There was a unique unity in diversity at the conference. Everyone at the conference had a similar set of beliefs and convictions about ministry from the nature of the Banner of Truth books. Yet there was a great diversity in the education and denominational backgrounds with Presbyterians and Baptists from all across the country and the world. I was encouraged to see Baptist pastors serving in the Northeast area of the US and enjoyed meeting pastors from Ghana and Kenya who were preaching expositional sermons to their congregations and have been reading Banner of Truth books from before I was born. I established a great relationship with an older pastor who even encouragement me with the gift of a book and enjoyed discussing my theological heroes with a group of students and alumni from Westminster Theological Seminary.
The speakers even made themselves regularly available. They sat among the pastors under the preaching of the Word and were very approachable. One speaker made a passing comment which caught my attention which led a great extended interaction later that evening. In a day in which most pastors conferences are maxing out large facilities, it was encouraging and refreshing to be in an environment which supported relationships with other likeminded pastors across denominational lines.
The bookstore was outright dangerous. Every title was discounted and first time visitors were granted the ability for a special “Book Room Tour” which culminated with a number of titles at steeply discounted prices. Every session began with at least three book recommendations, which meant many trips to the bookstore and many calls to my wife.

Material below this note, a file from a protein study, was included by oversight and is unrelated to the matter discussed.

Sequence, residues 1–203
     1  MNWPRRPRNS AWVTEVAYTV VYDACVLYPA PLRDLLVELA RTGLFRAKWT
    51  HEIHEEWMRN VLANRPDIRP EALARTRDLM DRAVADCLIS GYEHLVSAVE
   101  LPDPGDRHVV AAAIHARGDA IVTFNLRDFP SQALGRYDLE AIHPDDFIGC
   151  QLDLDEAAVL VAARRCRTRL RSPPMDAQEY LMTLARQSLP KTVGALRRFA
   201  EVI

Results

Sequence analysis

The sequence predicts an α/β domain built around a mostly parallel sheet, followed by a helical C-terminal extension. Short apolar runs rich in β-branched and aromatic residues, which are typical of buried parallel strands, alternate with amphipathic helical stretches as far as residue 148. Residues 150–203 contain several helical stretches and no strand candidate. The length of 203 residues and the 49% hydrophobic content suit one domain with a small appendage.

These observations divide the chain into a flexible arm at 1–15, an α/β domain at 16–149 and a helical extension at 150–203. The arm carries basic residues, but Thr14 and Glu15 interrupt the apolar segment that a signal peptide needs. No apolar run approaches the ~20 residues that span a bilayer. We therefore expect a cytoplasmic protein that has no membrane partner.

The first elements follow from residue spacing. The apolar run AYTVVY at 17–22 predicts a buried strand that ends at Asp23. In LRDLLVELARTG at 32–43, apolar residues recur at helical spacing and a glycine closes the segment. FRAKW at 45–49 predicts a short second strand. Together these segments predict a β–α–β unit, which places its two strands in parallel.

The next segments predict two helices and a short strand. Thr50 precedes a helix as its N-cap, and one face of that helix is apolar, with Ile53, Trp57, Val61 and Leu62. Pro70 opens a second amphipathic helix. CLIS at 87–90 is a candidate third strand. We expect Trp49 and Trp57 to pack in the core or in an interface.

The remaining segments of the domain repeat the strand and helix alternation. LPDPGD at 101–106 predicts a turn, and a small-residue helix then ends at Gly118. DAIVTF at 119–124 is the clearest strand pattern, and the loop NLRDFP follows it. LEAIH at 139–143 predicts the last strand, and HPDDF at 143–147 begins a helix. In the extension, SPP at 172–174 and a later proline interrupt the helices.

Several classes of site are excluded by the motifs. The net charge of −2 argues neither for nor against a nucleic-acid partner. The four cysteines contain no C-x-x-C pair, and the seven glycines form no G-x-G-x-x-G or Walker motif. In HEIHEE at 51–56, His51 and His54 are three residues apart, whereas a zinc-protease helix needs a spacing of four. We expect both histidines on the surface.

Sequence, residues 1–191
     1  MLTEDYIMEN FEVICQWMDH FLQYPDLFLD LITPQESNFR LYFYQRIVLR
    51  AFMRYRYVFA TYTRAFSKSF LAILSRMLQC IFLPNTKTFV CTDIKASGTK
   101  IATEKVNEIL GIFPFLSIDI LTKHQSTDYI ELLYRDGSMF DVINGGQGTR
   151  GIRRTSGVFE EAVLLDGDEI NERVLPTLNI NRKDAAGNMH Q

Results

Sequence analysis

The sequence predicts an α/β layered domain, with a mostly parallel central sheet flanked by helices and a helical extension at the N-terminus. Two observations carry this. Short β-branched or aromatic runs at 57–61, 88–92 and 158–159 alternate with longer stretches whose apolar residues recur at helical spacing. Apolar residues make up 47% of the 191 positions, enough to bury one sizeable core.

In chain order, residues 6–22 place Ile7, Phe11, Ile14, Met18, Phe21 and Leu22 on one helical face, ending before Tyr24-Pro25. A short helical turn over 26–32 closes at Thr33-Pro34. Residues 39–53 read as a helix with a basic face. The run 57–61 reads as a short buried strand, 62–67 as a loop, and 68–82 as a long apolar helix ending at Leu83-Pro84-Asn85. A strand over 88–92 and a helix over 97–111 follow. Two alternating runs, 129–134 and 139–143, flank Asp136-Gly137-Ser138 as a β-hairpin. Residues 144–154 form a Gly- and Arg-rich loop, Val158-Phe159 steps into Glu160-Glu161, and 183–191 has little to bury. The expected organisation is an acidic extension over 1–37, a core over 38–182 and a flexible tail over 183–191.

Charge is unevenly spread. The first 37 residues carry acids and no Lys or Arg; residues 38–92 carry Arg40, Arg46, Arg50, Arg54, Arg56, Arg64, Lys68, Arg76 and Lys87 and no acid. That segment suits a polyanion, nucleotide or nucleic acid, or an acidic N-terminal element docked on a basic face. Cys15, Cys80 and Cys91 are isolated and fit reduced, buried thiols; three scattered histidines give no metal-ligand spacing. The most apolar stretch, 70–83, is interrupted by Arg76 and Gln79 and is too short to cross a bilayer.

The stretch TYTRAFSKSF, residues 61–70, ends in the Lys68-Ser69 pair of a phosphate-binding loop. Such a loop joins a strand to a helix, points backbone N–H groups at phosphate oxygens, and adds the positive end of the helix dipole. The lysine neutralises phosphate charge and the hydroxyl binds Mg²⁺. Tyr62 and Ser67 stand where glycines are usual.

In discussing a few titles with one of the speakers, I made the mistake of ending our conversation by asking if the titles in my hands were good choices to reassure myself of the potential purchase.
“If they weren’t good books, they wouldn’t be out on the floor.”
For anyone who is looking to build a theological library, it was very helpful to have the entire Banner of Truth catalog visible and available with the Banner of Truth staff floating around the bookstore to answer questions. First time guests will have the pleasure of the “Book Room Tour”, which lived up to the expectations set by the veteran Banner attenders concerning its discounts.
All in all, I left Pennsylvania rejuvenated and refocused for pastoral ministry. If you are looking for a pastors conference to attend with fantastic preaching, encouraging fellowship and excellent resources, I highly recommend marking your calendar for the next Banner of Truth Conference.
Jared Poulton (MDiv, The Southern Baptist Theological Seminary) is the Pastor of Children and Families at First Baptist Church Dublin, in Dublin, GA. He is married to Kerry Poulton and they have two children, Riley and Oliver. Jared and Kerry are originally from South Carolina. You can follow Jared Poulton on twitter at @Jared_Poulton, or see his personal blog at @jspoulton.wordpress.com.